Today i am sharing a new section from the Learning Science work: this piece is not specifically about the Learning Science, but about why adoption of new learning technologies is often constrained, both in conception and practice. Sae and Geoff are both big fans of this framework, and bought it to our writing workshop. Exploring ‘Substitution’, ‘Augmentation’, ‘Modification’ and ‘Redefinition’, the SAMR model helps to explain why technology innovations in L&D too often produce disappointing Returns on Investment.
First popularised by Ruben Puentedura, the Substitution, Augmentation, Modification, and Redefinition (SAMR) model is a simple, yet powerful way to think about the adoption of technology into any non-technology process.
It provides a lens you can use to do an audit on the learning technologies in use in your own organisation, to understand whether you and your learners are getting the maximum benefit from them (or not!), and to give you clues on how to fix it!
The model works for many types of technology adoption, but was originally envisioned specifically for learning technology, and probably remains one that we use the most often in our work.
It steps through 4 phases of technology adoption.
In the lower stages, the technology tries to replicate or enhance an existing human process, and in the latter stages, the process itself has been transformed and adapted to make optimum use of the technology.
When we first adopt a new technology, we tend to SUBSTITUTE the new tools into old processes. For instance, when e-books first appeared, people substituted their paperbacks for e-tablets that digitally recreated the experience, and early e-learning tended to resemble a large scale lecture (stream of video), or a book (a “page turning” course).
As we become more confident in our knowledge, and sophisticated in our approach, we may AUGMENT the original experience: for instance, adding search and digital highlighting capabilities to our e-book, or syncing bookmarks with the cloud.
In the case of e-learning, courses might include more complex interactivity and richer modes of learning.
However, in both this ‘augmentation’ case and in the ‘substitution’ case, the new technology provides only modest value over the original experience and may even be more costly or cumbersome than the legacy experience it replaced.
This is the stage where learning technology adoption often stops: it’s comfortable, and the human tasks being augmented reap some benefit (even if it’s modest) from the new methods over the earlier approaches.
This is OK, but if you are looking for a more radical transformation and to get maximum value from your investments in the new technology, then it’s worth considering the next steps.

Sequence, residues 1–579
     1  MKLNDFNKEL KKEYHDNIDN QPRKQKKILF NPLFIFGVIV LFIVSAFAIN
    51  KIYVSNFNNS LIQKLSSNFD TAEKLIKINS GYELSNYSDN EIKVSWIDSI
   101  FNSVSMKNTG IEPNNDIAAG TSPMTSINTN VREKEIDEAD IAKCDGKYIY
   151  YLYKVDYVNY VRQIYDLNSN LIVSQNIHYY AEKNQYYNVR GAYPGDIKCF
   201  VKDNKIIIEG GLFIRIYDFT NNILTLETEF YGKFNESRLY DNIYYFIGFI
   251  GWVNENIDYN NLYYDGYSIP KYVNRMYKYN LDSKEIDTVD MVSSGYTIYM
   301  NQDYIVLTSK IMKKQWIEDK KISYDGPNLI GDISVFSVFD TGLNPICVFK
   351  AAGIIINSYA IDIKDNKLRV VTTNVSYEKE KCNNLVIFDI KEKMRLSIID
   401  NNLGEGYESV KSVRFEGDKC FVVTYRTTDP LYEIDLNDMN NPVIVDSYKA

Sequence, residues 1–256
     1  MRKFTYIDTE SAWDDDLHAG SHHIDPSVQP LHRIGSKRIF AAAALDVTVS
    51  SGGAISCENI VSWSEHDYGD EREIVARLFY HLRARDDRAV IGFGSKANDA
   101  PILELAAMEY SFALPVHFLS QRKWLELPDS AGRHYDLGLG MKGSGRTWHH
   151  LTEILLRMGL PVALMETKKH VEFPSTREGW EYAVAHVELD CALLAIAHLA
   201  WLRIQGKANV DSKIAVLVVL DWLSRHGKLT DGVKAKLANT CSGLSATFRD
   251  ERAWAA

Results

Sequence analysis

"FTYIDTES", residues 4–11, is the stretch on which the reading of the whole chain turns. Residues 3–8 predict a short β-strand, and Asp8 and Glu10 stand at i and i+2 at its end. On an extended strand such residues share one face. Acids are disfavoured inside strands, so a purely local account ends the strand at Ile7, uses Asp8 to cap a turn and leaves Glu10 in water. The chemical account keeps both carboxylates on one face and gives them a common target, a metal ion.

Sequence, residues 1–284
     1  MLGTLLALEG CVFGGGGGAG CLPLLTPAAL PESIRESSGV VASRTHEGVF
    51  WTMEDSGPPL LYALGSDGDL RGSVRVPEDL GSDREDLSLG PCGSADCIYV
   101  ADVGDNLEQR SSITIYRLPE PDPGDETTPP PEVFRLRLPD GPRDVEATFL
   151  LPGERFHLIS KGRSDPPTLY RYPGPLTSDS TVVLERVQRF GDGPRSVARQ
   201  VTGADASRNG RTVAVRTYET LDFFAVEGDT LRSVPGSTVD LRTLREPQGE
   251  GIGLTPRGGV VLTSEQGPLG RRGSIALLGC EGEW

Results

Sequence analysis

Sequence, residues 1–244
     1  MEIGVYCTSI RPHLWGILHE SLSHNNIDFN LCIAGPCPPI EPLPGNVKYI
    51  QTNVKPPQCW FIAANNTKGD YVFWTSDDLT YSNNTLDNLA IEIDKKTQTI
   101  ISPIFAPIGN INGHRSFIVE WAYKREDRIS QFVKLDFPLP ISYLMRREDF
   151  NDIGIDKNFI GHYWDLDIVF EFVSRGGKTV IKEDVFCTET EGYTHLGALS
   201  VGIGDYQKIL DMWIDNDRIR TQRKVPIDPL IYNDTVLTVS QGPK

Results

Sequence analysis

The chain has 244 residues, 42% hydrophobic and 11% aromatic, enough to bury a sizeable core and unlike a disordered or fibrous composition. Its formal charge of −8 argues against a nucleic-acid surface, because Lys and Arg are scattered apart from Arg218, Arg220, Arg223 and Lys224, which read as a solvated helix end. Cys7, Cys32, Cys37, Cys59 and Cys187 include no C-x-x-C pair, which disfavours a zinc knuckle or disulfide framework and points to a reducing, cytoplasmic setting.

At the MODIFICATION level, the activity in which the technology is used is significantly redesigned. In our e-book example, this might look like e-textbooks with embedded multimedia, instructor interactions, embedded social forums, and reading-level adaptation.
The training seminar they’re meant to support is changed from a traditional face-to-face meeting to a ‘flipped classroom’ style course, with a reduced amount of in-classroom time and a greater amount of self- and peer-driven learning.
Learning platforms at this stage will almost certainly have left behind the concept of structured courses, and tracking course completions. They will be supporting knowledge sharing, working with study groups, sharing insights, etc. (Of course, this could manifest in various ways in practice, but our point from this illustration is that processes are substantively evolved to take advantage of the new capabilities afforded by the technology.)
Note that at ‘modification’ changes may be to ‘stop’ doing things, to leave something behind, not simply to add something in.
Finally, at the REDEFINITION level, the technology supports new tasks that were previously inconceivable.
Imagine an adaptive, multimedia e-textbook that also serves as an on-the-job reference manual, not only providing instructional information and just-in-time support but also enabling discussions and contextualised peer on-the-job mentoring and embedded augmented reality overlays (instead of simple images) that can be used in real performance contexts.
This is where the true innovations in workplace learning technologies and employee empowerment will be happening. It’s also a tough place to be, as your work and impact will be increasingly decoupled from the safety of known domains (the book or even the traditional e-book). This is the domain of revolution – as well as the domain of greatest ROI and market differentiation.
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The moral of this story is simple: to reap the benefits of innovation, an Organisation can’t simply replace one part of its L&D system with a new widget and hope for improvements.
Rather, we need to change the design of the given activity as well as the context surrounding the activity itself – perhaps affecting broad evolutions (or revolutions) across the Organisation.
Substitution, Augmentation, Modification, Redefinition – SAMR – provides a helpful framework to think about how you are using technology and where your constraints in mindset and opportunity lie.
It’s definitely a mistake to get stuck at the ‘S’ level. Aspire to climb the ladder towards ‘A’ then ‘M’. Each step will bring additional benefits.
(And getting all the way to ‘R’, in practice, is not always achievable. But it’s the right aspiration)
Don’t use tomorrow’s tech to replicate yesterday’s methods.